@RamchandraApte, OK, you probably know more about x86-64 than I do. Would you like to do a back-of-the-envelope estimate of the performance of this stream cipher, on x86-64? How many cycles does a 64x64 multiple take?
Nov
30
comment Does MD5 hash have quasi commutative property?
What do you mean by quasi-commutative? Please expand your question with additional details, examples, etc. to clarify what you are asking. Also, tell us what you've tried and what research you've done.
Nov
30
comment Issue about randomness : what if random looks “human” ?
What do you mean by "what if"? (Yeah, well, it could happen. So what?) I honestly can't tell what your question is. Are you looking for a discussion, or do you have a specific technical question you are looking for an answer to? "What would we say?" is not a specific technical question.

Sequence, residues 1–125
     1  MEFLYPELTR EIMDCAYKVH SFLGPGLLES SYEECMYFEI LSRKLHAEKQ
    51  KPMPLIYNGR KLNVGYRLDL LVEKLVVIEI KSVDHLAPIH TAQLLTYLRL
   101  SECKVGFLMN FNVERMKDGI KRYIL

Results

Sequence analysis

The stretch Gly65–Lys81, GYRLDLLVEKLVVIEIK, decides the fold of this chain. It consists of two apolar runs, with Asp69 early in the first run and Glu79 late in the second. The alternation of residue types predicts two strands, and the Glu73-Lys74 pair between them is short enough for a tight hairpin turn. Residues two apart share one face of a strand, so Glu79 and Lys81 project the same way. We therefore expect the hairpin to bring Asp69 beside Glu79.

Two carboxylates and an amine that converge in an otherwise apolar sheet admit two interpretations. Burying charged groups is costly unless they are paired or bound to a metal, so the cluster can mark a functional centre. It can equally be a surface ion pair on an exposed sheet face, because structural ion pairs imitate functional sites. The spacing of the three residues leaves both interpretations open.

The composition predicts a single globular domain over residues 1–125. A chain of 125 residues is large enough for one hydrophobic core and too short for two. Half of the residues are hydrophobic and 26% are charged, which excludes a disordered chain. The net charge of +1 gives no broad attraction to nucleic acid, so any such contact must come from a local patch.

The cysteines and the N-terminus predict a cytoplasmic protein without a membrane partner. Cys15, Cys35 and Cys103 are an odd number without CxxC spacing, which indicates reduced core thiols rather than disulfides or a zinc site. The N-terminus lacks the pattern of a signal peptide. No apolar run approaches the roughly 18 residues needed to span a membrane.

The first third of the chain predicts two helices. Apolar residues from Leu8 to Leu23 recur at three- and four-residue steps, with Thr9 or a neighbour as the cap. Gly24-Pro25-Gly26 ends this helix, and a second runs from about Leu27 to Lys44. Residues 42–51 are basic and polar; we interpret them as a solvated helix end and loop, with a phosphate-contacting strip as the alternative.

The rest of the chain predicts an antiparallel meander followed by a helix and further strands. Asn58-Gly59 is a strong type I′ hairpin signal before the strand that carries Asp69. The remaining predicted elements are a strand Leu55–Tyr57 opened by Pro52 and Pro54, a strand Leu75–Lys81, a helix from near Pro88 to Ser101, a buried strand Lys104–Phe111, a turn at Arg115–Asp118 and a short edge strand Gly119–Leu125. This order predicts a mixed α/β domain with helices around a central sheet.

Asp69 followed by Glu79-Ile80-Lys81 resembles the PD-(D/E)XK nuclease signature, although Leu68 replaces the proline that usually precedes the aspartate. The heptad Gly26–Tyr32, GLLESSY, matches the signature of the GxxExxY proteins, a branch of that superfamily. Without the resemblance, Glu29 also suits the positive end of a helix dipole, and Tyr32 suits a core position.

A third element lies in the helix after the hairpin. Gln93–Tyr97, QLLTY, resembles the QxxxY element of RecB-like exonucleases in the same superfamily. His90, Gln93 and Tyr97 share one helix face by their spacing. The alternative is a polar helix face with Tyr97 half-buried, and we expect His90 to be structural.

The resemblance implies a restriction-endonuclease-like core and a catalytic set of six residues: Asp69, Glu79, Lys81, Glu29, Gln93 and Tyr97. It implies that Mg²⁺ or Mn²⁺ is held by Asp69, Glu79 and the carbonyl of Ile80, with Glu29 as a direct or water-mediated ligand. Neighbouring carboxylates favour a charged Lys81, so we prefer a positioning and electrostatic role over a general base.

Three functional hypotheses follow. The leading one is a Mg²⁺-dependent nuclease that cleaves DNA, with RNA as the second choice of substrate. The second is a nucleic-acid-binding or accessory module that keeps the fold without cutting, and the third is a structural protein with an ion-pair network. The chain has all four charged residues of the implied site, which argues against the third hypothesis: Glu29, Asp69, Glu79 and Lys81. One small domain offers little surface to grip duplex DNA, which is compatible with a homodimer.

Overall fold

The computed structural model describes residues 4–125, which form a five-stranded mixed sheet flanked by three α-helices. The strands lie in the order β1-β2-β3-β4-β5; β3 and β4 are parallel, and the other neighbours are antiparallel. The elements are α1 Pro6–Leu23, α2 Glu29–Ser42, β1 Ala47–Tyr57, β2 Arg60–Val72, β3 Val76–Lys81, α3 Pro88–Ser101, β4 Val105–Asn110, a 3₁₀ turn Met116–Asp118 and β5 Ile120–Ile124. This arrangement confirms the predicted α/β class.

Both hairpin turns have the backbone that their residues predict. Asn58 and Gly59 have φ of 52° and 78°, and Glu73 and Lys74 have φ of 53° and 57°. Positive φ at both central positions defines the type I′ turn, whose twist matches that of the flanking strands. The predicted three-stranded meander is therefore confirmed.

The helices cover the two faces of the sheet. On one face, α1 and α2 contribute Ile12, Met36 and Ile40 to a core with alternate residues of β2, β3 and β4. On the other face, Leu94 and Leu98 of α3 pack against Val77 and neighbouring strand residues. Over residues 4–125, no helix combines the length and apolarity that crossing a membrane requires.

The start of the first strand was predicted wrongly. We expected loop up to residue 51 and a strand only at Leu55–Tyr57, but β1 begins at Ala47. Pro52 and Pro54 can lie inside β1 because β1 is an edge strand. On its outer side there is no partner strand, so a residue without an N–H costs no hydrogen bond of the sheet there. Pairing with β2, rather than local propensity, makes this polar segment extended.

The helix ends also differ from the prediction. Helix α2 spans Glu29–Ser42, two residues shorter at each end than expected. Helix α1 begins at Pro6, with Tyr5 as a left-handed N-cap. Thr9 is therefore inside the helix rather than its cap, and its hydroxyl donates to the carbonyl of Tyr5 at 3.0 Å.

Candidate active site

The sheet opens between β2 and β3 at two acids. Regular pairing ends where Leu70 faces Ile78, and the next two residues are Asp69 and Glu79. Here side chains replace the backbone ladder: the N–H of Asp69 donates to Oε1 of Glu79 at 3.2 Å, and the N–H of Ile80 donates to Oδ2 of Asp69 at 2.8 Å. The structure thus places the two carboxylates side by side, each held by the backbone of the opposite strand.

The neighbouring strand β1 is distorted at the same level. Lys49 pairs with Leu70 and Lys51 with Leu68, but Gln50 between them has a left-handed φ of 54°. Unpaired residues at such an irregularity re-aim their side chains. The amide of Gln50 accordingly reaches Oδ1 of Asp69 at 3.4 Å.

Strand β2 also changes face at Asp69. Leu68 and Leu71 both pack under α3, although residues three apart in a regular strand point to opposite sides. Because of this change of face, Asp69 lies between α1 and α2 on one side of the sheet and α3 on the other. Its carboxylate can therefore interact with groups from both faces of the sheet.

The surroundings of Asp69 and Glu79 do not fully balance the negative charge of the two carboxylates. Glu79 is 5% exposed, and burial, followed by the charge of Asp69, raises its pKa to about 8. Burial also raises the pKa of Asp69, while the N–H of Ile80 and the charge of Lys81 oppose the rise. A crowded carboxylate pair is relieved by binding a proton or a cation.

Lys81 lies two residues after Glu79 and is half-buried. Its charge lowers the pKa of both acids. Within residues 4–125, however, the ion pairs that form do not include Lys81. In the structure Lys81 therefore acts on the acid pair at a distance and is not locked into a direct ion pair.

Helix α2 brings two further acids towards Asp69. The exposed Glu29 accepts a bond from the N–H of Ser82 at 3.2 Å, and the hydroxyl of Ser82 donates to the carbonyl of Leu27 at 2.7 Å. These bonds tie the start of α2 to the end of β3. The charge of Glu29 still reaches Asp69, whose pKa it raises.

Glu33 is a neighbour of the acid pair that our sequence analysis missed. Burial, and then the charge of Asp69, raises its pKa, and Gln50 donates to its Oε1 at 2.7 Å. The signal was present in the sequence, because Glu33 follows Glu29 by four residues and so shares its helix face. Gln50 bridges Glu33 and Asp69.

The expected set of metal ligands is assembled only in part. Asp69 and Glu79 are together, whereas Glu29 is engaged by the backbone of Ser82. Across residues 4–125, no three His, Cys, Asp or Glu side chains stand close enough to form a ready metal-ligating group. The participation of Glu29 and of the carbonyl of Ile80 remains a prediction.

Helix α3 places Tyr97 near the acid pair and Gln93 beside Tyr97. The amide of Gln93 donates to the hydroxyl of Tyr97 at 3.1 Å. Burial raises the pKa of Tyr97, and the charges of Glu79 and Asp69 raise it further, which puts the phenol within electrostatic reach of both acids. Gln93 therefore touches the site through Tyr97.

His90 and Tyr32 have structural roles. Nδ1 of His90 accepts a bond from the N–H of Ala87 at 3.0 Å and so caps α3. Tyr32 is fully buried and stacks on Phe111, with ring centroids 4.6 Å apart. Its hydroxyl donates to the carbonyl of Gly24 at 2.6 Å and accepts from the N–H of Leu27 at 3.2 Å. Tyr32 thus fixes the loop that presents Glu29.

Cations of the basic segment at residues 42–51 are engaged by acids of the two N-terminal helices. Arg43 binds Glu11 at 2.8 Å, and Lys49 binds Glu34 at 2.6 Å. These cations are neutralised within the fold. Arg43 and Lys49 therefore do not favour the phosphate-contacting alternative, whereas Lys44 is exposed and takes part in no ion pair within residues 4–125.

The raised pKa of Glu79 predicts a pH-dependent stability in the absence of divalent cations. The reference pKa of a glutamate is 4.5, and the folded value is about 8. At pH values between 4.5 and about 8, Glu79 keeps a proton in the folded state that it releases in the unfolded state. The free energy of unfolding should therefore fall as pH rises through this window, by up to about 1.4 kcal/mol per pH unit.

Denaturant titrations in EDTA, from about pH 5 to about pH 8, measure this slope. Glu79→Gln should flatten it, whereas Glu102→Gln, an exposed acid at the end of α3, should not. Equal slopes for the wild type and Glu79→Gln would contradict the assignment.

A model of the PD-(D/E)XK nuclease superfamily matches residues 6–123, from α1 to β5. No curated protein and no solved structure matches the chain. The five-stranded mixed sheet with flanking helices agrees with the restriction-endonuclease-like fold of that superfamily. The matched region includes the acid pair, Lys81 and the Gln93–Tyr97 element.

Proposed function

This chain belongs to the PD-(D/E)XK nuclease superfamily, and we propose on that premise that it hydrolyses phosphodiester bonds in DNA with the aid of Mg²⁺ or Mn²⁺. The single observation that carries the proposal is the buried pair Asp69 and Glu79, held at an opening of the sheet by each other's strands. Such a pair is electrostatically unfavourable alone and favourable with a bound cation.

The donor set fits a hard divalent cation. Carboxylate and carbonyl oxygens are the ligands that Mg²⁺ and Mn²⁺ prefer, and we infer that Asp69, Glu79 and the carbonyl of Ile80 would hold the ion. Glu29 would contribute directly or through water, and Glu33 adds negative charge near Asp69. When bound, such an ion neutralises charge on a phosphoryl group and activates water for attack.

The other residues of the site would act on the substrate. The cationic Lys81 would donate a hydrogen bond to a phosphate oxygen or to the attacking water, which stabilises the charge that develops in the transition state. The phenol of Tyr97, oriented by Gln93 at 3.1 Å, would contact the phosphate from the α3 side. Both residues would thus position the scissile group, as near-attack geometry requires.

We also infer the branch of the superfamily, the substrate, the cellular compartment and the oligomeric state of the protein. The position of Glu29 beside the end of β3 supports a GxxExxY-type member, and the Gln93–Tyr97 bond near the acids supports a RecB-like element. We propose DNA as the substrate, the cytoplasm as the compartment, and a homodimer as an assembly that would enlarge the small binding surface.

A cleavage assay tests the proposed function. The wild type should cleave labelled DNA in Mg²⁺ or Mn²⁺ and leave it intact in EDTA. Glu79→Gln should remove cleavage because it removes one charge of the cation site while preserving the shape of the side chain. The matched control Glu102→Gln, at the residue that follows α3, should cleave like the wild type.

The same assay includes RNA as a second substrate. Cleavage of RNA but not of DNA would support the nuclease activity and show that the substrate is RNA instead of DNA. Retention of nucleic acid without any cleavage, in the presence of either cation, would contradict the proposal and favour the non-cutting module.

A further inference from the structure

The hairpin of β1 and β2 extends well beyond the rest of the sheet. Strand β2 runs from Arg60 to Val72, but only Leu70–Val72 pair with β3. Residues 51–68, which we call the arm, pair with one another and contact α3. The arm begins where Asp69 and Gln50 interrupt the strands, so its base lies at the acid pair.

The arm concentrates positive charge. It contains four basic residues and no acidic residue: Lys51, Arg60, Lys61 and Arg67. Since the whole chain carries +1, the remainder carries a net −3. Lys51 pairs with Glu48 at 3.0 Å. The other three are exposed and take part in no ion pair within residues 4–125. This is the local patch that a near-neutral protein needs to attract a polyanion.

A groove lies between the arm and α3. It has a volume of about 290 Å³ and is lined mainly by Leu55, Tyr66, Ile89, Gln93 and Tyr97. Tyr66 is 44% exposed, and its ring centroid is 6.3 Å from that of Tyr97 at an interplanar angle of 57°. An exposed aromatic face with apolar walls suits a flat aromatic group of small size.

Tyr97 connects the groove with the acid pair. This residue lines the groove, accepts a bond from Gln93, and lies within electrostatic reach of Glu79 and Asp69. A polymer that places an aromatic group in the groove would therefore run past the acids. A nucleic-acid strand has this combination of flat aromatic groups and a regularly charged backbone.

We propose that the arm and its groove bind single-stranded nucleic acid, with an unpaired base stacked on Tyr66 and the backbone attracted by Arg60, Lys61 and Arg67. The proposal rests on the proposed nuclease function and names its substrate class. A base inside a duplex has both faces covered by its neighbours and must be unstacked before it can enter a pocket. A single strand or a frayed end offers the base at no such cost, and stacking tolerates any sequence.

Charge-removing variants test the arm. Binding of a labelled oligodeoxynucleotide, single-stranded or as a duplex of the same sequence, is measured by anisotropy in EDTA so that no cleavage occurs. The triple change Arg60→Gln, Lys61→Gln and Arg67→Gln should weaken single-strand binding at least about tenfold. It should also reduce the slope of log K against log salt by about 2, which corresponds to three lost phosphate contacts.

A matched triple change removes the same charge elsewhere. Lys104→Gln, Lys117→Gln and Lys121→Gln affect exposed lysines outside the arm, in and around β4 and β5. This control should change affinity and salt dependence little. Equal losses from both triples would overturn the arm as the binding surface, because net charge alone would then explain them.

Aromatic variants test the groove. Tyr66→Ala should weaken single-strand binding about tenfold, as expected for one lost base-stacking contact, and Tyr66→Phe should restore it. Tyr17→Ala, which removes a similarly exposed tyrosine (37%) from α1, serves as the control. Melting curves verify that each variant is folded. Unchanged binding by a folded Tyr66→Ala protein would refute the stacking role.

Nov
30
comment transforming RC2 keys to have effective minimum length in implementations with fixed effective lengths
Why are you using RC2? Don't use RC2. It's not a good choice for any new design. Use a better cryptosystem, e.g., AES in an authenticated encryption mode.
Nov
10
comment repeating-key xor and hamming distance
Hi @GabeHollombe, for new questions, I recommend you post a new question. But the short answer is: yes. If you guessed the key length correctly, you're looking at $\text{wt}(X \oplus K \oplus Y \oplus K) = \text{wt}(X \oplus Y)$, which is 2-3 bits. If you guessed it incorrectly, you're looking at $\text{wt}(X \oplus K \oplus Y \oplus K')$, which is about 3 bits (here all of $X,Y,K,K'$ are independently distributed English ASCII letters). ASCII lowercase letters are 0x61 to 0x7A, so the xor of four of those is close to uniform on its low 6 bits, and thus has 3 bits set on average.